Nobel later combined nitroglycerin with various nitrocellulose compounds, similar to collodion, but settled on a more efficient recipe combining another nitrate explosive, and obtained a transparent, jelly-like substance, which was a more powerful explosive than dynamite. 'Gelignite', or blasting gelatine, as it was named, was patented in 1876; and was followed by a host of similar combinations, modified by the addition of potassium nitrate and various other substances. [14] Gelignite was more stable, transportable and conveniently formed to fit into bored holes, like those used in drilling and mining, than the previously used compounds and was adopted as the standard technology for mining in the Age of Engineering bringing Nobel a great amount of financial success, though at a significant cost to his health. An offshoot of this research resulted in Nobel's invention of ballistite, the precursor of many modern smokeless powder explosives and still used as a rocket propellant.

Nobel Prizes

Front side of one of the Nobel Prize medals Nobel Prize.png
Front side of one of the Nobel Prize medals

In 1888 Alfred's brother Ludvig died while visiting Cannes and a French newspaper erroneously published Alfred's obituary. [4] It condemned him for his invention of dynamite and is said to have brought about his decision to leave a better legacy after his death. [4] [15] The obituary stated, Le marchand de la mort est mort ("The merchant of death is dead") [4] and went on to say, "Dr. Alfred Nobel, who became rich by finding ways to kill more people faster than ever before, died yesterday." [16] Alfred (who never had a wife or children) was disappointed with what he read and concerned with how he would be remembered. [17]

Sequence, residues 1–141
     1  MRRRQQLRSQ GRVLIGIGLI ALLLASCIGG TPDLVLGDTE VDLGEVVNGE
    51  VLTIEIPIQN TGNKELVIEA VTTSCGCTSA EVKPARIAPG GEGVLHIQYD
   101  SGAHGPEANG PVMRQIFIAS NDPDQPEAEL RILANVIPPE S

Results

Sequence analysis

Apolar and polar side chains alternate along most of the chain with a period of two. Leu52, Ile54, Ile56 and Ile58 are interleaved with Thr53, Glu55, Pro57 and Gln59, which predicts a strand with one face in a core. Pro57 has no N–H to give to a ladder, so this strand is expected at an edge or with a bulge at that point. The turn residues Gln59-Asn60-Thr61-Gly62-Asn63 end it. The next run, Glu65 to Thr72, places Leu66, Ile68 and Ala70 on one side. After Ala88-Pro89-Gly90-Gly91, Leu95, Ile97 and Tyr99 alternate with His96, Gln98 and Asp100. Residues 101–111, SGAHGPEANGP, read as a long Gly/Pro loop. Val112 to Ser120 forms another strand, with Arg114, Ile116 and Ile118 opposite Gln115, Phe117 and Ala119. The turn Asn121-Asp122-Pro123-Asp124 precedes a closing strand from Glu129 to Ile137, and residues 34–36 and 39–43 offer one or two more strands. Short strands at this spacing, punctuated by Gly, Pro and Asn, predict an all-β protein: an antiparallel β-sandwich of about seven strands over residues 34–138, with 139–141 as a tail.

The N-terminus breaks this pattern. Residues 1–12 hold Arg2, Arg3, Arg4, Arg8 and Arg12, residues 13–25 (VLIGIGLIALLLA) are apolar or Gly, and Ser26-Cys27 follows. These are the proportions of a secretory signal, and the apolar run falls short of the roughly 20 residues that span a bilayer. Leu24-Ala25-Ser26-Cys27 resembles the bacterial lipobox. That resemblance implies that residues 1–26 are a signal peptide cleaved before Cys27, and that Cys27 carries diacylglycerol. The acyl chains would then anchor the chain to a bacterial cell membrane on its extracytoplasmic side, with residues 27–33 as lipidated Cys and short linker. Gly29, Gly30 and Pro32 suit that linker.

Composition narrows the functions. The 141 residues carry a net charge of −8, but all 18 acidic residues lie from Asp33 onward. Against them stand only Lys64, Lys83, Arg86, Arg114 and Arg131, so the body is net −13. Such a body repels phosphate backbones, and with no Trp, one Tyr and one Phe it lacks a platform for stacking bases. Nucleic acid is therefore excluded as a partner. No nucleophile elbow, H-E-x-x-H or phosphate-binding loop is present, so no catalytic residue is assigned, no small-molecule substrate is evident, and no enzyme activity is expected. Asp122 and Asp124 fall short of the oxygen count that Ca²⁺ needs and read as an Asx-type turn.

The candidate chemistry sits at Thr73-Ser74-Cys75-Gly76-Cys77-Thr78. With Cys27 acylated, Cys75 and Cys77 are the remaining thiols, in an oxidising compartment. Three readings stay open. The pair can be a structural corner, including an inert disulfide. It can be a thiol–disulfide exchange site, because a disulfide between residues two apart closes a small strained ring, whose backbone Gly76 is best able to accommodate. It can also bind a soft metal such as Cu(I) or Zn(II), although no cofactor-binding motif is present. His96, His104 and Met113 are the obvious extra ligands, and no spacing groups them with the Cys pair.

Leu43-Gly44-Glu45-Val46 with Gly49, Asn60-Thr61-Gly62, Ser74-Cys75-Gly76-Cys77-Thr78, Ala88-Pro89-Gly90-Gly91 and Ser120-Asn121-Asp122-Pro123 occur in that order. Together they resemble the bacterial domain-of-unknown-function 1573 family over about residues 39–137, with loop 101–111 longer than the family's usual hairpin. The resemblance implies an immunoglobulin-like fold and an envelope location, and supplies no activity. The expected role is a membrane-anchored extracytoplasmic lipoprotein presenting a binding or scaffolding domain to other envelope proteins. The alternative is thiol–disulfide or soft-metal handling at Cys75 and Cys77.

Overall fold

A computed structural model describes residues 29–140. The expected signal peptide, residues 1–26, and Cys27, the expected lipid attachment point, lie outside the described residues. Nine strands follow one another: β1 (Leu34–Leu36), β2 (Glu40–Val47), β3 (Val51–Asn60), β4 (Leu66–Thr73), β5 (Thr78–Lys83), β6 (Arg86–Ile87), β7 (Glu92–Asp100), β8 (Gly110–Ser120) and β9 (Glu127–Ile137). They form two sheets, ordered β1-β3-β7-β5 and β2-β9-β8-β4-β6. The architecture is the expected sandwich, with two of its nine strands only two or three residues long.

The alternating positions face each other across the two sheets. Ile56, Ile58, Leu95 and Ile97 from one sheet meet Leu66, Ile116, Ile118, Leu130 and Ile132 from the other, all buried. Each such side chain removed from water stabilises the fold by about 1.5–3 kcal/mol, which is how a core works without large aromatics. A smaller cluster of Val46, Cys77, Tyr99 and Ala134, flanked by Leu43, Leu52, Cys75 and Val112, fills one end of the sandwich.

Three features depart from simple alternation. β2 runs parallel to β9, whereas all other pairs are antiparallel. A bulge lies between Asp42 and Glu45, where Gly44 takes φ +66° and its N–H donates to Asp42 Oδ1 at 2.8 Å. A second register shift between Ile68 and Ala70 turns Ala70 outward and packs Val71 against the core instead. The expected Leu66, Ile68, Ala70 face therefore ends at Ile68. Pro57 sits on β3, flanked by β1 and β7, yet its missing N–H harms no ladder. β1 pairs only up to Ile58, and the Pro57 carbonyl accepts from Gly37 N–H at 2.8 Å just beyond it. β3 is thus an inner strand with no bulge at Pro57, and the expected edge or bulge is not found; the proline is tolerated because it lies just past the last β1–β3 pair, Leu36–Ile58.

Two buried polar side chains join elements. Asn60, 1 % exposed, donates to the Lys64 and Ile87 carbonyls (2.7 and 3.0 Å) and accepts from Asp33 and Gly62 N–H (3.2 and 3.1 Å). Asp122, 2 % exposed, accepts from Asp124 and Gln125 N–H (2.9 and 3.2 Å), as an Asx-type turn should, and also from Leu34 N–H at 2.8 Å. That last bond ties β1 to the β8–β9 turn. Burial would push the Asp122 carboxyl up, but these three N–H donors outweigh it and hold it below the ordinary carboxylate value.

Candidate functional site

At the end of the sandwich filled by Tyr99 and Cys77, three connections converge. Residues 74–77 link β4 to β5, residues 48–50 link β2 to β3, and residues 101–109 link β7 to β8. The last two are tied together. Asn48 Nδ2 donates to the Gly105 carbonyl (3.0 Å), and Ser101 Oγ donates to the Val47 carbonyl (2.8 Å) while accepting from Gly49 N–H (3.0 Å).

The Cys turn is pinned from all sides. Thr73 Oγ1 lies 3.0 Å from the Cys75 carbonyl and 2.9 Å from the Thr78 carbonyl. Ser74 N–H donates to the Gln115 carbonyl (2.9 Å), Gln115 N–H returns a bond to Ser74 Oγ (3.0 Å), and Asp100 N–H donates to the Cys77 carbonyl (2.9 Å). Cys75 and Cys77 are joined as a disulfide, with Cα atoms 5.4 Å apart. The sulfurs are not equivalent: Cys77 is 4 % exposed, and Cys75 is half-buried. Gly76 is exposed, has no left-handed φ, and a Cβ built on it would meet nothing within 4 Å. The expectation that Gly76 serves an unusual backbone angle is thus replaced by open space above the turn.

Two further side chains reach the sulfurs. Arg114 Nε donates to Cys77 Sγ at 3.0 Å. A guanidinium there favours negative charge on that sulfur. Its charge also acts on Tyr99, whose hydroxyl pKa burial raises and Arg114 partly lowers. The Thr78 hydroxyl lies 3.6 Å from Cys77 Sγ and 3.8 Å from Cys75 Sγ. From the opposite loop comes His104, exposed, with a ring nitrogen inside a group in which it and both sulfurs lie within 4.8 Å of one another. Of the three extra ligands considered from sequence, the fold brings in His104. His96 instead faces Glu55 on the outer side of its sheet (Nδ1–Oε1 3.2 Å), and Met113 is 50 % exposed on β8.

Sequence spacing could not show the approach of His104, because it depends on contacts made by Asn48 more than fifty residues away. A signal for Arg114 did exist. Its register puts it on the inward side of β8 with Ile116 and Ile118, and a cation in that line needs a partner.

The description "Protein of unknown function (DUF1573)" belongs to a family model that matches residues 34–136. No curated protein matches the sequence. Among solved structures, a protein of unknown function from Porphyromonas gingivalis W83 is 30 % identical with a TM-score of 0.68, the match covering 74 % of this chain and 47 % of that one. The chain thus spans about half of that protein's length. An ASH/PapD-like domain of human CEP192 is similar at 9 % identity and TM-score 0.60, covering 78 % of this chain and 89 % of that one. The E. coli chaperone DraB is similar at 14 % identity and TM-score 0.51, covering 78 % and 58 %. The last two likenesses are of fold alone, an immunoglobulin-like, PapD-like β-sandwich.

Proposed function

On 27 November 1895, at the Swedish-Norwegian Club in Paris, Nobel signed his last will and testament and set aside the bulk of his estate to establish the Nobel Prizes, to be awarded annually without distinction of nationality. [14] After taxes and bequests to individuals, Nobel's will allocated 94% of his total assets, 31,225,000 Swedish kronor, to establish the five Nobel Prizes. This converted to £1,687,837 (GBP) at the time. [18] [19] [20] [21] In 2012, the capital was worth around SEK 3.1 billion (US$472 million, EUR 337 million), which is almost twice the amount of the initial capital, taking inflation into account. [19]

The first three of these prizes are awarded for eminence in physical science, in chemistry and in medical science or physiology; the fourth is for literary work "in an ideal direction" and the fifth prize is to be given to the person or society that renders the greatest service to the cause of international fraternity, in the suppression or reduction of standing armies, or in the establishment or furtherance of peace congresses. [14]

The formulation for the literary prize being given for a work "in an ideal direction" (i idealisk riktning in Swedish), is cryptic and has caused much confusion. For many years, the Swedish Academy interpreted "ideal" as "idealistic" (idealistisk) and used it as a reason not to give the prize to important but less romantic authors, such as Henrik Ibsen and Leo Tolstoy. This interpretation has since been revised, and the prize has been awarded to, for example, Dario Fo and José Saramago, who do not belong to the camp of literary idealism.[ citation needed ]